The Southwestern Historical Quarterly, Volume 91, July 1987 - April, 1988 Page: 402
The following text was automatically extracted from the image on this page using optical character recognition software:
Southwestern Historical Quarterly
James M. Reilly is a scientist and the director of the recently created
Image Permanence Institute at Rochester Institute of Technology, but
he has written this book for the general public. In clear, concise lan-
guage he traces the development of different nineteenth-century photo-
graphic papers, light-sensitive metal compounds, and the various bind-
ers developed to hold these compounds to paper supports. No other
text gives such a thorough yet accessible account of nineteenth-century
photographic processes. And no other book aimed at the nonspecialist
includes such a clear explanation of the myriad conservation problems
that pervade every collection of nineteenth-century photographs.
Every type of photographic print presents its own special conserva-
tion problems. Thus, before Reilly can educate his readers as to why
high relative humidity is especially harmful to albumen prints, or why
prints on collodion printing-out paper can withstand more light than
carbon prints, he must first lead them through a course in identifying
the bewildering variety of nineteenth-century photographic materials
and processes. This is the most valuable part of his book. With well-
drawn illustrations, superb microphotographs, and excellent color re-
productions of sample photographs, Reilly has created an easy-to-
follow system for identifying nineteenth-century prints. This system is
summarized in a removable flowchart that should be hung in every ar-
chive where prints are catalogued. (Extra copies of this flowchart may
be ordered for $5.00 plus shipping from Eastman Kodak Company,
Department L-5, 175 Humboldt Street, Rochester, NY 14610-1099.)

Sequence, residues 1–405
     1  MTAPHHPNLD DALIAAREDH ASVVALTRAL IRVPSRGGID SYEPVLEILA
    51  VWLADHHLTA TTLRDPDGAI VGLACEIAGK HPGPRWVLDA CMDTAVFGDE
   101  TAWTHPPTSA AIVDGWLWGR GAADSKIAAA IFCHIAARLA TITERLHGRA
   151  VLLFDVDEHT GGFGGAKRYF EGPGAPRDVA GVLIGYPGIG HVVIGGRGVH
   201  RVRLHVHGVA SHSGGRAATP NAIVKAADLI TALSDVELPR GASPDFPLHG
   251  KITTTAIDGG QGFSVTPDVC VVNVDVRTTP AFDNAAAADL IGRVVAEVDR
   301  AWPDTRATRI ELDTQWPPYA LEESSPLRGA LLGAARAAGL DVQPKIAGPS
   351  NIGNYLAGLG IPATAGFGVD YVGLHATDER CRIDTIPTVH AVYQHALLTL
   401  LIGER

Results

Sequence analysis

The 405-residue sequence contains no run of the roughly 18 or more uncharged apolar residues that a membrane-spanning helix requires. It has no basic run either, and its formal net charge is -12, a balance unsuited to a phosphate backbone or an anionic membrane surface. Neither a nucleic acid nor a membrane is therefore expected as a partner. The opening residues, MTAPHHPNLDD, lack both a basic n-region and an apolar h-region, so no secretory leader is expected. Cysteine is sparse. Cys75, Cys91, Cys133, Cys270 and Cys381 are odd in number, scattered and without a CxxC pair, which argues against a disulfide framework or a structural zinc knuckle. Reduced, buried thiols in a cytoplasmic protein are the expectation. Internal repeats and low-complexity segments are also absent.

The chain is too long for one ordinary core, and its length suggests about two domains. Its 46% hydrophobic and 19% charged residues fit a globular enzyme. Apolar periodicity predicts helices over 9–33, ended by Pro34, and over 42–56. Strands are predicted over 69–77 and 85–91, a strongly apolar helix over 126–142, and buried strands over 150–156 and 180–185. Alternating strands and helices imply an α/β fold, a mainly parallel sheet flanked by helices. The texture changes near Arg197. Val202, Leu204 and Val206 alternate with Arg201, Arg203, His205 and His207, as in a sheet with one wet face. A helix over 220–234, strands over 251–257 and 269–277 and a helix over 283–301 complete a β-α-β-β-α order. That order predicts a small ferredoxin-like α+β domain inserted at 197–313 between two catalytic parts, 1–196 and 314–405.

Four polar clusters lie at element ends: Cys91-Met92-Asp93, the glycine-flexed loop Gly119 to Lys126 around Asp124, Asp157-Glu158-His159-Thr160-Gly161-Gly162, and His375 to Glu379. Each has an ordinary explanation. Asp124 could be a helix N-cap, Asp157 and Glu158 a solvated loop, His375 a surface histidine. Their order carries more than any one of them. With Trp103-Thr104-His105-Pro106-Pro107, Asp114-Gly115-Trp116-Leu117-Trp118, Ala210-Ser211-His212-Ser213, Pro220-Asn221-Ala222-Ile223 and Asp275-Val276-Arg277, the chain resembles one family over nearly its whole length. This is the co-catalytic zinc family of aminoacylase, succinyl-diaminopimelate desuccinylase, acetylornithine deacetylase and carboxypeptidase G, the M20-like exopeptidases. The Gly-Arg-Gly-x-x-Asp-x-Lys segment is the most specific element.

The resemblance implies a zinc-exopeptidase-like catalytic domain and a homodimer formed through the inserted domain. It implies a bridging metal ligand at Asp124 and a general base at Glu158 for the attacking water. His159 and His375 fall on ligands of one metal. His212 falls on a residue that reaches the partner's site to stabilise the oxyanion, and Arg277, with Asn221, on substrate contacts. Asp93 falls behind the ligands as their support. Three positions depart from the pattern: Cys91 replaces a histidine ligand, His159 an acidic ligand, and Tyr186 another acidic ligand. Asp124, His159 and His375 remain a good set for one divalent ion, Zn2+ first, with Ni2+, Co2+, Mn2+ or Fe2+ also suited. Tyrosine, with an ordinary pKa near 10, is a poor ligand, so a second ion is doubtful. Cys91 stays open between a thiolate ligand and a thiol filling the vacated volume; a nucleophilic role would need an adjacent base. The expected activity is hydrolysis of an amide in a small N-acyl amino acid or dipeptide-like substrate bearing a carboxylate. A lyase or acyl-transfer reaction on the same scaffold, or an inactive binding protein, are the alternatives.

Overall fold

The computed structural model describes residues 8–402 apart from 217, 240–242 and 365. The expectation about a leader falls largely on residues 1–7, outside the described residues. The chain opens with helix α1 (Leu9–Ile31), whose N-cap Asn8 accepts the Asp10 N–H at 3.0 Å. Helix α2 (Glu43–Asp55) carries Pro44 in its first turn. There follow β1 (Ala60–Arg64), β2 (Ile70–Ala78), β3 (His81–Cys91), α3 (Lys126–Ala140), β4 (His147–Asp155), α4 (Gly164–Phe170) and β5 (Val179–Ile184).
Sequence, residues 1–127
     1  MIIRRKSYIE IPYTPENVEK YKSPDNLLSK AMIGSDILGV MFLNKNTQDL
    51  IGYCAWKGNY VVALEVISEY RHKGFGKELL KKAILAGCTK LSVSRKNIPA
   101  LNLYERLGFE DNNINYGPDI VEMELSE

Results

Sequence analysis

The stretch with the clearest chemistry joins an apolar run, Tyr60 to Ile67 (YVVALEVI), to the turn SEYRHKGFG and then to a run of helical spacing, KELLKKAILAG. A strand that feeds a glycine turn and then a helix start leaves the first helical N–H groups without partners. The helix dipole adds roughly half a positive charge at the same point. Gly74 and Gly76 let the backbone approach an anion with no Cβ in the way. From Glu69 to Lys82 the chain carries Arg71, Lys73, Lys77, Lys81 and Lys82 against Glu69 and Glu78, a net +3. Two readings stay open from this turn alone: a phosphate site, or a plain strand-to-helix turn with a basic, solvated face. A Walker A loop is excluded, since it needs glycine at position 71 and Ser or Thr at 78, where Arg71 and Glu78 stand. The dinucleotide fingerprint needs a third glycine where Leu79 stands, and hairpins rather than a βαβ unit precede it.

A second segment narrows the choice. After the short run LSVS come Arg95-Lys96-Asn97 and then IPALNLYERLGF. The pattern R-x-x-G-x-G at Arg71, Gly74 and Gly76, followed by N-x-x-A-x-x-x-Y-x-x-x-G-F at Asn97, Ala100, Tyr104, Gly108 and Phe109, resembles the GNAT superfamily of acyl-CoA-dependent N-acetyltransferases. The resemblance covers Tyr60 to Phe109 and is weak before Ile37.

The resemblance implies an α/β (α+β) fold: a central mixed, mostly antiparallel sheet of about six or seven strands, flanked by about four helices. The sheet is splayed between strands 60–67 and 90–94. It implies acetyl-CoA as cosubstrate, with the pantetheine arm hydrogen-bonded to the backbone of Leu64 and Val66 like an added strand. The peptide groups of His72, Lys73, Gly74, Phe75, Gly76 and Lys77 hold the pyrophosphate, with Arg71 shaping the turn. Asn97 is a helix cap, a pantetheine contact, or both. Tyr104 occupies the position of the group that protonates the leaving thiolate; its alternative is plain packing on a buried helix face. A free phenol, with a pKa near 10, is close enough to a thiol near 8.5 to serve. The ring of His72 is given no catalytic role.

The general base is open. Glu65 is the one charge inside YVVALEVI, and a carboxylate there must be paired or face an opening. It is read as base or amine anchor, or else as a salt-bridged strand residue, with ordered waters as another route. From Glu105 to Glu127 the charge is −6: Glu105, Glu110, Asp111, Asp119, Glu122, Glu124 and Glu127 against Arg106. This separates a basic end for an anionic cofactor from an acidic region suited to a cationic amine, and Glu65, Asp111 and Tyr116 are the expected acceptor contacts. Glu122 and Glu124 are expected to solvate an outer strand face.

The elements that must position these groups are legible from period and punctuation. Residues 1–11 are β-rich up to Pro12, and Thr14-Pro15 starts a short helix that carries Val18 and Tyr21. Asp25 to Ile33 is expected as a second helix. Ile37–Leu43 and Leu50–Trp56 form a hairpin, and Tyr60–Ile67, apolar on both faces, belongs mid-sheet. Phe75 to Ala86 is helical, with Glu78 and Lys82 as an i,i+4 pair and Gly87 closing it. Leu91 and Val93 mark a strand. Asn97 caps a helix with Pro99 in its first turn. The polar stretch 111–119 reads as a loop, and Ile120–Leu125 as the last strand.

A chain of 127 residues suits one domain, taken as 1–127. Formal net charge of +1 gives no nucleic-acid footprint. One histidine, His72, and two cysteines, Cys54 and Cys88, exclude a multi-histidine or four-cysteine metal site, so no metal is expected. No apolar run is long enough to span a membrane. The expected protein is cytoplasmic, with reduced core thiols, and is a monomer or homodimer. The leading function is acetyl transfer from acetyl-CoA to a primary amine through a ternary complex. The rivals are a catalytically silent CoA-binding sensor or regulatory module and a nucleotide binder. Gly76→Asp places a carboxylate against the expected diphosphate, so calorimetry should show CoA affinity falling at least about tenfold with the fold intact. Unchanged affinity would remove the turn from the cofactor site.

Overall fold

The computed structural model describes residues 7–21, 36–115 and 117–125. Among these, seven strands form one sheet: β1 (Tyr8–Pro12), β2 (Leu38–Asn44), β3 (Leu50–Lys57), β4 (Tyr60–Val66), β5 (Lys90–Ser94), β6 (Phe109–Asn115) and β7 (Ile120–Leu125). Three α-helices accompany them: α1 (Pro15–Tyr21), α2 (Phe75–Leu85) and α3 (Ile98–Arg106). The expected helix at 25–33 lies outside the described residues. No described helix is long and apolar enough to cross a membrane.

Photographic conservation is a relatively young field, and most
trained conservators-Reilly included-urge extreme caution in the
chemical treatment of deteriorating prints. Reilly argues that basic care
and storage are ultimately more significant than conservation treat-
ment in the preservation of our photographic heritage. His book offers
sound advice for this basic caretaking work, and even those already fa-
miliar with the need for controlled climate storage, archival enclosures
and matting materials, and low-level display lighting will learn from his
discussion of the chemistry of photographic deterioration.
This book should be required reading for all collectors and students
of photography and should become a standard reference text for every
photographic curator, cataloguer, and archivist. I can think of many
times when I wish I'd had it by my side.
Amon Carter Museum
Here’s what’s next.
This issue can be searched. Note: Results may vary based on the legibility of text within the document.
Tools / Downloads
Get a copy of this page or view the extracted text.
Citing and Sharing
Basic information for referencing this web page. We also provide extended guidance on usage rights, references, copying or embedding.
Reference the current page of this Periodical.
Texas State Historical Association. The Southwestern Historical Quarterly, Volume 91, July 1987 - April, 1988, periodical, 1987/1988; Austin, Texas. (texashistory.unt.edu/ark:/67531/metapth101211/m1/458/: accessed November 24, 2017), University of North Texas Libraries, The Portal to Texas History, texashistory.unt.edu; crediting Texas State Historical Association.